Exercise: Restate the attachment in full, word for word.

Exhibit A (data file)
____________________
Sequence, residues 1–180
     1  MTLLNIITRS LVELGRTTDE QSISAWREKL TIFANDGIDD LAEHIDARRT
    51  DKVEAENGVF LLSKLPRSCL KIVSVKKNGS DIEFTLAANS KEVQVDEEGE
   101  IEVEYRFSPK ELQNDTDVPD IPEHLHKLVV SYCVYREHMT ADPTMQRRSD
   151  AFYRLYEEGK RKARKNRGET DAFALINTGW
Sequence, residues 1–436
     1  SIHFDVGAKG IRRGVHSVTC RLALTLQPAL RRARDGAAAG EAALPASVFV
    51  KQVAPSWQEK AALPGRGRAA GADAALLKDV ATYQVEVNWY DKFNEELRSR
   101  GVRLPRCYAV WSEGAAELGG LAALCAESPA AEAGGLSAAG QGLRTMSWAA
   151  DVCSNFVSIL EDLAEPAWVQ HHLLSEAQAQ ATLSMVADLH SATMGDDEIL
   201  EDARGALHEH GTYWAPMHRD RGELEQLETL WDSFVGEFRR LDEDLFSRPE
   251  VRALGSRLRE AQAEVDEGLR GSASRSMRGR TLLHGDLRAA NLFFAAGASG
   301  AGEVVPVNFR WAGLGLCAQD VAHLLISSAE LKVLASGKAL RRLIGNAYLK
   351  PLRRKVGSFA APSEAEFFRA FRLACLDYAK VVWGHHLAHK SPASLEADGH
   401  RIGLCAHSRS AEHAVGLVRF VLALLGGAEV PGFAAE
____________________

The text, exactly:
Sequence, residues 1–180
     1  MTLLNIITRS LVELGRTTDE QSISAWREKL TIFANDGIDD LAEHIDARRT
    51  DKVEAENGVF LLSKLPRSCL KIVSVKKNGS DIEFTLAANS KEVQVDEEGE
   101  IEVEYRFSPK ELQNDTDVPD IPEHLHKLVV SYCVYREHMT ADPTMQRRSD
   151  AFYRLYEEGK RKARKNRGET DAFALINTGW
Sequence, residues 1–436
     1  SIHFDVGAKG IRRGVHSVTC RLALTLQPAL RRARDGAAAG EAALPASVFV
    51  KQVAPSWQEK AALPGRGRAA GADAALLKDV ATYQVEVNWY DKFNEELRSR
   101  GVRLPRCYAV WSEGAAELGG LAALCAESPA AEAGGLSAAG QGLRTMSWAA
   151  DVCSNFVSIL EDLAEPAWVQ HHLLSEAQAQ ATLSMVADLH SATMGDDEIL
   201  EDARGALHEH GTYWAPMHRD RGELEQLETL WDSFVGEFRR LDEDLFSRPE
   251  VRALGSRLRE AQAEVDEGLR GSASRSMRGR TLLHGDLRAA NLFFAAGASG
   301  AGEVVPVNFR WAGLGLCAQD VAHLLISSAE LKVLASGKAL RRLIGNAYLK
   351  PLRRKVGSFA APSEAEFFRA FRLACLDYAK VVWGHHLAHK SPASLEADGH
   401  RIGLCAHSRS AEHAVGLVRF VLALLGGAEV PGFAAE